Two Injured Black Bear Cubs Find Refuge in North Reno
The Animal Ark Wildlife Sanctuary & Nature Center, north of Reno, Nevada, will rehabilitate two injured black bear cubs rescued from the wild in late November. One of the orphaned cubs is a 46-pound male with a broken rear leg. The other is a 16-pound male, rescued by the Bear League, and is extremely malnourished, weighing nearly one third his normal weight and has frostbitten ears. Their recovery will depend on daily monitoring, isolation from humans and attentive veterinary care. The Animal Ark has successfully rehabilitated 13 bears for release back into the wild, and have worked with the Nevada Department of Wildlife on bear issues for the past 21 years.
“Rehabilitating these bears and still giving them a chance to be successfully released back into the wild is not easy,” says Carl Lackey, Nevada Department of Wildlife Black Bear Biologist. “Despite the high odds, Animal Ark has had many successes over the years in cases like these. Only time will tell if these bears can successfully be released successfully in the wild.”
“These cubs lack the survival skills and body weight necessary to make it through the winter,” said Aaron Hiibel, co-founder of the Animal Ark. “We will provide food and veterinary care for them for as long as they require it to get healthy.”
The cubs will be nursed back to health in an isolated enclosure at the facility. The Ark lacks the necessary funding to construct a wild black bear rehabilitation facility which would cost nearly $25,000. This enclosure would include dens, an exercise yard, a pond, and security from keepers to prevent the bears from becoming comfortable with human contact.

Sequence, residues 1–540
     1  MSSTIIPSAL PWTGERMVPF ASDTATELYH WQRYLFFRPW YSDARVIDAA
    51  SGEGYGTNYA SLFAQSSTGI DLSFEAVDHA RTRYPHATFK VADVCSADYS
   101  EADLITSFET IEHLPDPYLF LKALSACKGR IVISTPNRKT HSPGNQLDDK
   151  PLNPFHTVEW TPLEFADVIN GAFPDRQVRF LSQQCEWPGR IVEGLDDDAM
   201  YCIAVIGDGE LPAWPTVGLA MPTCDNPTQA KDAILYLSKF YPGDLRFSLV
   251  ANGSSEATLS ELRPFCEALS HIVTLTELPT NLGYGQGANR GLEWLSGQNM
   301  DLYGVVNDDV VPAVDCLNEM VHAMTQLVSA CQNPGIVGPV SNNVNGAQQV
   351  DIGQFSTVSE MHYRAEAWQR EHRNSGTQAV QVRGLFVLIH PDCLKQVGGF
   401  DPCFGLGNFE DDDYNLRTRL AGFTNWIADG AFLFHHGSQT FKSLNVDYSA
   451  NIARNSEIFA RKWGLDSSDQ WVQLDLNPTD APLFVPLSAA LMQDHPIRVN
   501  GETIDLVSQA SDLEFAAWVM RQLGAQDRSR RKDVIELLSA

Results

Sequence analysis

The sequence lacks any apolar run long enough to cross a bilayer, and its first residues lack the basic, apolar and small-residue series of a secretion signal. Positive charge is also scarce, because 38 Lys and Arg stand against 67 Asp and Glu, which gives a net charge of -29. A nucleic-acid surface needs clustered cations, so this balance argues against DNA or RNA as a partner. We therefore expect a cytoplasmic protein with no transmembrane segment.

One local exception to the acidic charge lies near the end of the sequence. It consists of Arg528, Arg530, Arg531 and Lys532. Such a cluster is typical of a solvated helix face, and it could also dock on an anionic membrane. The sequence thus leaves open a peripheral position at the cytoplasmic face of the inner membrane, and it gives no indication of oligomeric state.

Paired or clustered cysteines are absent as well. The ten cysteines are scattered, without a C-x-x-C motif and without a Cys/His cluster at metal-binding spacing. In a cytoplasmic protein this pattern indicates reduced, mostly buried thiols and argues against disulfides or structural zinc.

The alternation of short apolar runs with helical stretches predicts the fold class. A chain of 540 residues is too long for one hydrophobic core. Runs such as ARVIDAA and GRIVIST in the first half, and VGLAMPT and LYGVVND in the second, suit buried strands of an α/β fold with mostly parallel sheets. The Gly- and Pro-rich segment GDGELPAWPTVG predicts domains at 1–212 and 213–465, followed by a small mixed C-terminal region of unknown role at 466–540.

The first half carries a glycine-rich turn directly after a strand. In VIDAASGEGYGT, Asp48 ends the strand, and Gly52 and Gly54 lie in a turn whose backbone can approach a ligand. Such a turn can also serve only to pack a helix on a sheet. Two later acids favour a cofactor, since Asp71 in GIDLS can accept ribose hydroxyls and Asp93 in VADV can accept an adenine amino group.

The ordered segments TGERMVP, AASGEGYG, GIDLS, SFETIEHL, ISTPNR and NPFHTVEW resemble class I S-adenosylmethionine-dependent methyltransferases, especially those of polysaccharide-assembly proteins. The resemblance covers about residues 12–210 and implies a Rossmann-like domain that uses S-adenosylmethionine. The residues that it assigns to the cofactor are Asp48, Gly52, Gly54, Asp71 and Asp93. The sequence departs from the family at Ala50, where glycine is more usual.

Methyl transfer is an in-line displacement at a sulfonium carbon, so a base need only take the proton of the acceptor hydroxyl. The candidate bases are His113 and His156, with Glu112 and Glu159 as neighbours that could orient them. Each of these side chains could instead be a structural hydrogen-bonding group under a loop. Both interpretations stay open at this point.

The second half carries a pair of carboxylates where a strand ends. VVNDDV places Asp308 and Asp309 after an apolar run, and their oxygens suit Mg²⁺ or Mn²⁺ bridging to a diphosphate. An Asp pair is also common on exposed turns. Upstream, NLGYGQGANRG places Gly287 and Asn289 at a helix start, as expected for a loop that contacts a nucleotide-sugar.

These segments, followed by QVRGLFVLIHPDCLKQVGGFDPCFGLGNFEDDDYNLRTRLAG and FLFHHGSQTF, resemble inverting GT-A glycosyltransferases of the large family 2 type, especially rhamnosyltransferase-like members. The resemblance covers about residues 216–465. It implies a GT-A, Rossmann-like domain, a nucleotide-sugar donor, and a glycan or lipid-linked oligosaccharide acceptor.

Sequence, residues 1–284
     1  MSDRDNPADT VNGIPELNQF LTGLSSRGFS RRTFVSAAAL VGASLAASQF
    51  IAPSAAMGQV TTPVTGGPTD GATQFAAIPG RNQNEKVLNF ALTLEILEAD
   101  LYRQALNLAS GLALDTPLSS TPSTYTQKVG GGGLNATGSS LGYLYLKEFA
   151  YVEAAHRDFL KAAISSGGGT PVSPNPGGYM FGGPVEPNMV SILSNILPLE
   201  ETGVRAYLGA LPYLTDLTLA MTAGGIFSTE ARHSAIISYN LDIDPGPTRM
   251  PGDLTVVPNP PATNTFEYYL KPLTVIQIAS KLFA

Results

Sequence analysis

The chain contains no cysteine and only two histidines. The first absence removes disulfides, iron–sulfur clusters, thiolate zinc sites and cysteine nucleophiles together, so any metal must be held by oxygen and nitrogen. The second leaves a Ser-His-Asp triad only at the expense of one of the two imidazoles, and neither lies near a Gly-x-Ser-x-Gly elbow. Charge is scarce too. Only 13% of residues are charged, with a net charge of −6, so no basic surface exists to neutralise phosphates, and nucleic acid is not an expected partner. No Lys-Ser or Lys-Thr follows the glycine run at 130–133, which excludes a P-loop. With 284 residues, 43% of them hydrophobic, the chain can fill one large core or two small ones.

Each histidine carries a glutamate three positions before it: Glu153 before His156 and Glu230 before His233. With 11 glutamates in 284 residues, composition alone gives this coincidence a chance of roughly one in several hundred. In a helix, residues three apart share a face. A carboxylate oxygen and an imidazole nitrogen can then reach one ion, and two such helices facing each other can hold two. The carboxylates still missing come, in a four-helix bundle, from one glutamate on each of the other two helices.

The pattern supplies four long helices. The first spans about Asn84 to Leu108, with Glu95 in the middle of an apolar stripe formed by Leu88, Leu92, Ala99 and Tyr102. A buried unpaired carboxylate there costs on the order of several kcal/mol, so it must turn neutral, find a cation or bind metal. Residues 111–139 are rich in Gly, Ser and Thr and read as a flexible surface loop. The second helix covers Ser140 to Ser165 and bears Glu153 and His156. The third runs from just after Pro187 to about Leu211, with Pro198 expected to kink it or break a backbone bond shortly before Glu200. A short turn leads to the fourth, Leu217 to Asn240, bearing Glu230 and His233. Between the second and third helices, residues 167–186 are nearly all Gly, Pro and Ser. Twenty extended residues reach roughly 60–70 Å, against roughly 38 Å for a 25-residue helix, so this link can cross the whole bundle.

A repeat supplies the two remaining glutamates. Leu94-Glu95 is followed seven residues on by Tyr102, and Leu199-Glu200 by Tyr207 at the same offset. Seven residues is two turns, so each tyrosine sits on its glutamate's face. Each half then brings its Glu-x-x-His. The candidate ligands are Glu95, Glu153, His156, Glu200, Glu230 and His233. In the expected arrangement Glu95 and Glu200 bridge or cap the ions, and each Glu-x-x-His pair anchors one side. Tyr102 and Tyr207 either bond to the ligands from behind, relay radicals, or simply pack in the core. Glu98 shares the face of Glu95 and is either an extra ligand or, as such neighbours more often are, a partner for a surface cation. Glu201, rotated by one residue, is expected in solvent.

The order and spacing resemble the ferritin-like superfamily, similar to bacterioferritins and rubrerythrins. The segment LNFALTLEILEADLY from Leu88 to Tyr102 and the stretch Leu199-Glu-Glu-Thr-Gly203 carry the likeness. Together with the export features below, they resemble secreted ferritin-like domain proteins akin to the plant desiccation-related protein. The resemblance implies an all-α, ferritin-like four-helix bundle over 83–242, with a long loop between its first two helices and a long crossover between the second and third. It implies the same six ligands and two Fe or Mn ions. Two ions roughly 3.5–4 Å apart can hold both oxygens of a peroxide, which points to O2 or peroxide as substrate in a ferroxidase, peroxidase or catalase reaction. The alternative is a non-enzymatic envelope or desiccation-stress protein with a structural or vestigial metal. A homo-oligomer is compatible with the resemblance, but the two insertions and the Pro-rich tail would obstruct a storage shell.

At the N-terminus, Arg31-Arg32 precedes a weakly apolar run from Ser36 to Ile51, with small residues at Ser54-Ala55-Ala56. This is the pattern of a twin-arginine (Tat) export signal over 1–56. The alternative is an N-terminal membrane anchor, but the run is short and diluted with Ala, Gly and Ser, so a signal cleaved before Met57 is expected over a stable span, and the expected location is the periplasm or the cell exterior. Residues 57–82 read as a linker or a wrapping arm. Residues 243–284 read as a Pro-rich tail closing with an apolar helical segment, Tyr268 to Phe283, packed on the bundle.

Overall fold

“A fully functioning rehabilitation facility would be ideal in this case, but we have had success rehabbing bears in the past with the tools and the enclosures at hand,” said Hiibel. “We are committed to nursing these cubs back to health for release back into the wild, but due to the extreme nature of their condition we might have to house them for five to eight months before they are healthy enough and have the proper survival skills to make it in the wild.”
Aside from a new rehabilitation enclosure, feeding and housing these cubs is a costly endeavor for the Ark. As a non-profit organization the Animal Ark depends on donors to support large projects such as this. If you are interested in donating funds please contact Animal Ark founders, Aaron or Diana Hiibel at (1-775) 970-3111, or mail donations to Animal Ark, P.O. Box 60057, Reno, NV 89506. You may also donate online at www.AnimalArk.org
About the Animal Ark Animal Ark is a 38-acre wildlife sanctuary and nature center founded in 1981. This facility’s rural setting provides an ideal place to house non-releasable wildlife and allows the public a unique opportunity to view these animals in natural habitat exhibits through glass viewing areas. In addition to the Nevada Department of Wildlife this organization partners with conservation organizations in Africa and is a member of the American Sanctuary Association.
– Diana Hiibel